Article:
Main conclusion The leaves of Withania somnifera contained four morphologically distinct trichome types: glandular capitate, non-glandular dendritic (branched), non-glandular bicellular and non-glandular multicellular trichomes. Major phytochemical compounds present within glandular and non-glandular trichomes were alkaloids and phenolic compounds.
his article gives an overview of the potential hazards of polyphenol consumption, as reported during the round-table discussion at the 1st International Conference on Polyphenols and Health, held in Vichy, France, November 2003. Adverse effects of polyphenols have been evaluated primarily in experimental studies.
The trade in traditional medicines in South Africa is estimated to be worth R2.9 billion per year, representing 5.6% of the National Health budget. With 27 million consumers, the trade is vibrant and widespread. There are at least 133 000 people employed in the trade, with a large percentage of rural women. The plant trade is a key rural industry and business incubator.
Trichomes diversity from the study of foliar epidermal anatomy has been studied for 51 species belonging to 40 genera and 20 families. In the studied plant species, 10 different types of trichomes were observed for both glandular and eglandular types. Among these species, 38 are amphitrichomic while the remaining 13 are either epitrichomic or hypotrichomic.
The chemical constituents of some species of Euphorbia, which grow mostly in semi-desert areas in Iran and on the Alborz Mountains in the north of Tehran, have been found to include chemotaxonomically important myrsinane diterpenoids and cycloartane triterpenoids.
In this study, two Euphorbia species (i.e. terracina and paralias) were investigated for their cytotoxic and antioxidant activities.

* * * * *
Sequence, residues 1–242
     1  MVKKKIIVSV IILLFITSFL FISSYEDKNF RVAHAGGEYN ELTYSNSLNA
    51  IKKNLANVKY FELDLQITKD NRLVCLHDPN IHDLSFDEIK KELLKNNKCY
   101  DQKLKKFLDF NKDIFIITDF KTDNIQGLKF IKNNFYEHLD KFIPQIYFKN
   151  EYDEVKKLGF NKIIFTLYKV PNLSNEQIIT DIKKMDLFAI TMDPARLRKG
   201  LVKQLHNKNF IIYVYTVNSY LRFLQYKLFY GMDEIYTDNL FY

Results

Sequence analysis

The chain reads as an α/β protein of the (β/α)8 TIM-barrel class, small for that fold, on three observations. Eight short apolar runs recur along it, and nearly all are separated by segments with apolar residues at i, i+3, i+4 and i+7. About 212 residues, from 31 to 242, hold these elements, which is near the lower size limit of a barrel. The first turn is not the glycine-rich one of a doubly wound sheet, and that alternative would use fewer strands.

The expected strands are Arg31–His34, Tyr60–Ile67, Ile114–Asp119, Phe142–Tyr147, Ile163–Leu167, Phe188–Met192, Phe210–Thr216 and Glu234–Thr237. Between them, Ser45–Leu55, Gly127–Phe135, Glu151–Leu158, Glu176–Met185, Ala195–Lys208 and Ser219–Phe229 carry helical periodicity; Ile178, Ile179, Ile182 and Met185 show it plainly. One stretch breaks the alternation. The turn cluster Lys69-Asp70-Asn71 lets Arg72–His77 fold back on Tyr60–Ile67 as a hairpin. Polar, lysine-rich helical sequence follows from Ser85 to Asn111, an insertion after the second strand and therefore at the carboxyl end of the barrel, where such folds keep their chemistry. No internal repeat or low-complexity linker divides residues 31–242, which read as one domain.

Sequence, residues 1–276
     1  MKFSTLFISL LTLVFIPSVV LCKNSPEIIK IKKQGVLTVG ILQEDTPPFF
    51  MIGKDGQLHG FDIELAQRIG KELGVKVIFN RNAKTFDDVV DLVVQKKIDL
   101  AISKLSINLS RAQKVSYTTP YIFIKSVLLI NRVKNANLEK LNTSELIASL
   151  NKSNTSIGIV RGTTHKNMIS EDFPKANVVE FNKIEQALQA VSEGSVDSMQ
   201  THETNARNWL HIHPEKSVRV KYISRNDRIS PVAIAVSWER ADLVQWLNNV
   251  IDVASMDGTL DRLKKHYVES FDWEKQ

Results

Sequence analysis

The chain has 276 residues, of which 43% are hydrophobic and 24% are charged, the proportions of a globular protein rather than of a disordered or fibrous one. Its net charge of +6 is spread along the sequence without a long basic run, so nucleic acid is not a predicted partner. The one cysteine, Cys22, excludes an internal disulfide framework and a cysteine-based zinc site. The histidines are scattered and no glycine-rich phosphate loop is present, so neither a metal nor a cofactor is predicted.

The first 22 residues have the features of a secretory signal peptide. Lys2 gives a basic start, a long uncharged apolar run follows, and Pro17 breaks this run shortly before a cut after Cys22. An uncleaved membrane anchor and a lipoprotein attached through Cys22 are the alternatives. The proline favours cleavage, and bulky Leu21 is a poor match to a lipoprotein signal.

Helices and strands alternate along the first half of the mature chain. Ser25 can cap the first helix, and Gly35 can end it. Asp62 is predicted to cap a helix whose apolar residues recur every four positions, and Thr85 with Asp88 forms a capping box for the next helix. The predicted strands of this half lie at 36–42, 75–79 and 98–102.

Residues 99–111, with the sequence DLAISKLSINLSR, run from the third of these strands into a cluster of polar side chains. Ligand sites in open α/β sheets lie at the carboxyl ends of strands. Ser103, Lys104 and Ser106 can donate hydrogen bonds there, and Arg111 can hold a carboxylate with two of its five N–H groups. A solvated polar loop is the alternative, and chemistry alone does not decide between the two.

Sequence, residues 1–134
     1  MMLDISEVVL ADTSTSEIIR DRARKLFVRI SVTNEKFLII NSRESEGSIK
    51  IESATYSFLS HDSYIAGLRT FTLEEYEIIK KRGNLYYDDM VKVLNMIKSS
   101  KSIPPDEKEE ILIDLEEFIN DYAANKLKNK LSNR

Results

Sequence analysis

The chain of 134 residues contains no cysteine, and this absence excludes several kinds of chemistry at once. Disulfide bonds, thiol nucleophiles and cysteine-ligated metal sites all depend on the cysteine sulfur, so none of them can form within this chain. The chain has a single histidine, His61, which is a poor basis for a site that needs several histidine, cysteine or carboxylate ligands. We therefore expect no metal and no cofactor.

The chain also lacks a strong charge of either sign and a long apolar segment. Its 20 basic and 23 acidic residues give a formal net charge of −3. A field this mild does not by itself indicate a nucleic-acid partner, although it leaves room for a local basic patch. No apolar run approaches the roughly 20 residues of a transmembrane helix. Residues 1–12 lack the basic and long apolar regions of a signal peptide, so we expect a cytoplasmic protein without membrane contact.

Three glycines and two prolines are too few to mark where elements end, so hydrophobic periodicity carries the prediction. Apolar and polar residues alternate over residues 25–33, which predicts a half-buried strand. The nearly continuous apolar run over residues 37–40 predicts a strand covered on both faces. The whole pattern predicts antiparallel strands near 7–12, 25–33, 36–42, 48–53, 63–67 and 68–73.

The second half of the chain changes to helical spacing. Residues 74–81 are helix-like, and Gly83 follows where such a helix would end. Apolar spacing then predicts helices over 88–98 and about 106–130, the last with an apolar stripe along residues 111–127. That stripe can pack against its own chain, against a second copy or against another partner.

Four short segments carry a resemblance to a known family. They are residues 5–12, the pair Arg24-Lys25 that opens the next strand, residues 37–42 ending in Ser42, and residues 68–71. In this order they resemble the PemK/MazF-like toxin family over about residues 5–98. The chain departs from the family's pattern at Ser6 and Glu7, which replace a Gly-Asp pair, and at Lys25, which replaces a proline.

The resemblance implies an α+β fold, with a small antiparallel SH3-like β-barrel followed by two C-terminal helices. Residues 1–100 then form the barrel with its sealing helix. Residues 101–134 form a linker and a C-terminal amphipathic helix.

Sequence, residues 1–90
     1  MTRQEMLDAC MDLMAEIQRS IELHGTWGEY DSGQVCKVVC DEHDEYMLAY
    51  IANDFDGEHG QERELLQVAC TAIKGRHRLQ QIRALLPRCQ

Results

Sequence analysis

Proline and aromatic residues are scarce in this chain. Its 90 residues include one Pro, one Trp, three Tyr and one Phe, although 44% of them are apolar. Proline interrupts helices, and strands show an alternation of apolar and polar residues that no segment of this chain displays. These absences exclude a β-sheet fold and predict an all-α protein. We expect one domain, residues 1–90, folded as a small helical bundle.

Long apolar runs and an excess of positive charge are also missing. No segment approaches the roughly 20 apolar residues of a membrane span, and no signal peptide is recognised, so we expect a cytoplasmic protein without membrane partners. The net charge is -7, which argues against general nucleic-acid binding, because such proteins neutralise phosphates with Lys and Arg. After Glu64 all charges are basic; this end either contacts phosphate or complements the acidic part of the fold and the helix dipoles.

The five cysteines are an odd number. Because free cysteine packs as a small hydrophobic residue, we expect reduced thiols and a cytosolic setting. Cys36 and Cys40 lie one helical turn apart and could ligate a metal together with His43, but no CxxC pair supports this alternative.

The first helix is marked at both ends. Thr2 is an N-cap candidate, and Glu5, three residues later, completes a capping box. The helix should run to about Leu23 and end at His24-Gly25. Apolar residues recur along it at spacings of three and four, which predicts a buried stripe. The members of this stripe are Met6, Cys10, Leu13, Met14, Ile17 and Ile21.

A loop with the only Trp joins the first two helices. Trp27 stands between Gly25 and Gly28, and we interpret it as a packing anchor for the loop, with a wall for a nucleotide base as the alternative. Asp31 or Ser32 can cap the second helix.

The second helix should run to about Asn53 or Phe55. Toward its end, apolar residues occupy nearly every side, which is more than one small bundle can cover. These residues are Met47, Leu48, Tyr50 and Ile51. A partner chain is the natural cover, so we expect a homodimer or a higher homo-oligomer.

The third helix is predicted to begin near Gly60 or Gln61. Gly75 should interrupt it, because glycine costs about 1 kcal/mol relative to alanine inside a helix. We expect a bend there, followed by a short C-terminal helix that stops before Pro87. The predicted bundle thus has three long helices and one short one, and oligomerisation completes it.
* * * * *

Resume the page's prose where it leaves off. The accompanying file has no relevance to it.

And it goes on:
Euphobia heterophylla is a local medicinal plant used in ethnomedicine for the treatment of
constipation, bronchitis and asthma. The aqueous decoction and the methanolic extracts were
subjected to anti-inflammatory activity using experimental animal model, in the presence of the positive
In this review we describe and discuss several approaches to selecting higher plants as candidates for drug development with the greatest possibility of success. We emphasize the role of information derived from various systems of traditional medicine (ethnomedicine) and its utility for drug discovery purposes.
Dichloromethane and 90% methanol extracts from 51 South African medicinal plants were evaluated for potential genotoxic effects using the bacterial Ames and VITOTOX† tests with and without metabolic activation.
Foliar epidermal features of 18 species of Euphorbia L. s.l. (Euphorbiaceae) are studied. While the anisocytic and anamocytic stomata are common in herbaceous members (Euphorbia subg. Chamaesyce), the paracytic type is predominant in succulent species (Euphorbia proper).